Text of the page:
I need a bedtime story, the stars are too far tonight; the night has made my window a mirror. There I am: brown eyes, buzzed sideburns, cinched tie above cinched breasts—a story between spaces.
You, too, grown from the spaces between the story you told and the lived one. Freedom for you and you, but not you. Liberty, for you, but never for you. Susan Griffin wrote: “The stories we tell ourselves, particularly the silent or barely audible ones, are very powerful. They become invisible enclosures.”
Hush little baby don’t say a word….
I hear the sweet alto voice of Grandma Libby reassuring me 40 years ago. I can nearly feel the lavender cloth of sleep when the mind slipped into a space away from the body. How space seems to become the story.
I want to write this letter like an exhalation; no beginning or end if it is still alive. (The rub between still and alive.)
I think that once I was whole. I don’t believe this is your story.
My aunt in rural Ohio asked, “What’s so different from Obama that everyone is so upset now?” I said transpeople’s suicides, I said Muslim registry, I said stop and frisk, I said law and order, I said encrypted email, I said my Mexican student’s colleague telling her to go home, I said a wall, I said that Anastacia Renee Tolbert, a black poet, read “hide your babies, hide your babies, hide your babies.”
Mama’s gonna’ buy you a mockingbird….
And if that bird doesn’t sing, then she’ll buy you a ring, then she’ll buy you a looking glass, a billy goat, a cart and bull, a dog named Rover and a horse and cart. This is an American song—your song.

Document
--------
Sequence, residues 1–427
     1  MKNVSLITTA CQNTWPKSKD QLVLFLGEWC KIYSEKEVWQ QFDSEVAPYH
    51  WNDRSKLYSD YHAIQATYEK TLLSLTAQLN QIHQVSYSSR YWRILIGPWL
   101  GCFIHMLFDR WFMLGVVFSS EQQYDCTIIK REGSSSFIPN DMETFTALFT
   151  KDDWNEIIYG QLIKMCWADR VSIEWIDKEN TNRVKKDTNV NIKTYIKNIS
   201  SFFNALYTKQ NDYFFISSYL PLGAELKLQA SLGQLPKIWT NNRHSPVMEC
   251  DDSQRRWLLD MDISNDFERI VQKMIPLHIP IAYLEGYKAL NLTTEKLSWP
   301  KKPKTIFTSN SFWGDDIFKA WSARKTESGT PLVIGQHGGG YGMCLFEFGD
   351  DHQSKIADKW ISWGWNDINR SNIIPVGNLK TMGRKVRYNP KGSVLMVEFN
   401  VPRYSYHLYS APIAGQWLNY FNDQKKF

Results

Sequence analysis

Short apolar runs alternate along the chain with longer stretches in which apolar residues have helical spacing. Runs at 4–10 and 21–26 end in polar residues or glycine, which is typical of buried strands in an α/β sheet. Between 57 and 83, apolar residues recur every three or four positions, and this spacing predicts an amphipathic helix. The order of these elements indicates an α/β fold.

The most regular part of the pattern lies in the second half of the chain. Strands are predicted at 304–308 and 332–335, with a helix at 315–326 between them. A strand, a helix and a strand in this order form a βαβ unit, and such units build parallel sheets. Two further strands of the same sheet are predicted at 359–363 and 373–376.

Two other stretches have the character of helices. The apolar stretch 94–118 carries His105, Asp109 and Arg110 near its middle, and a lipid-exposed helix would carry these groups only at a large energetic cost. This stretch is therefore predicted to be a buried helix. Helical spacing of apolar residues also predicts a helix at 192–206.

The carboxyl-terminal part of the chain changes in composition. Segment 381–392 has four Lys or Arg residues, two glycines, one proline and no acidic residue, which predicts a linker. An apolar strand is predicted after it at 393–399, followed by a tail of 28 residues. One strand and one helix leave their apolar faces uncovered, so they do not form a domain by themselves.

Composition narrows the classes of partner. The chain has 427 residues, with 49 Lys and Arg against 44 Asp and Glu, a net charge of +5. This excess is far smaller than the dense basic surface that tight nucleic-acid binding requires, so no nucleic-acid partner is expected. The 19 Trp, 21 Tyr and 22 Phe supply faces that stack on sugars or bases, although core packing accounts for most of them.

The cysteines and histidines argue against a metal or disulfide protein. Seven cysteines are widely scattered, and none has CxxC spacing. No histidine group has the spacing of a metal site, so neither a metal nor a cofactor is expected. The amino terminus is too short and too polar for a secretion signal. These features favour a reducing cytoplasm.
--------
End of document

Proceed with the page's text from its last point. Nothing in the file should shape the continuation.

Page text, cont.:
Privilege is an insulation. “Rooms with no air,” Griffin adds.
Charles Eisenstein suggests that, “we as a society are entering a space between stories, in which everything that had seemed so real, true, right, and permanent comes into doubt.” This is true for white people who weren’t awake. My friends of color simply feel the intensity of the burn.
In the bedtime story, the baby is told to hush. Your little American babies. What will we do in this space between the story we knew last week and the one before us? There’s a countdown to Trump’s inauguration that I believe empowers his imagination. Let’s turn it off. Do not hush. You’ll still be the sweetest little baby in town.
Ever Jones (formerly JM Miller) is a trans-identified writer living on an island near Seattle. Their debut collection of poetry, Wilderness Lessons, explores the relationship between identity and nature. They teach poetry and creative nonfiction at the University of Washington Tacoma.
Header photo of U.S. flag at night by skeeze, courtesy Pixabay.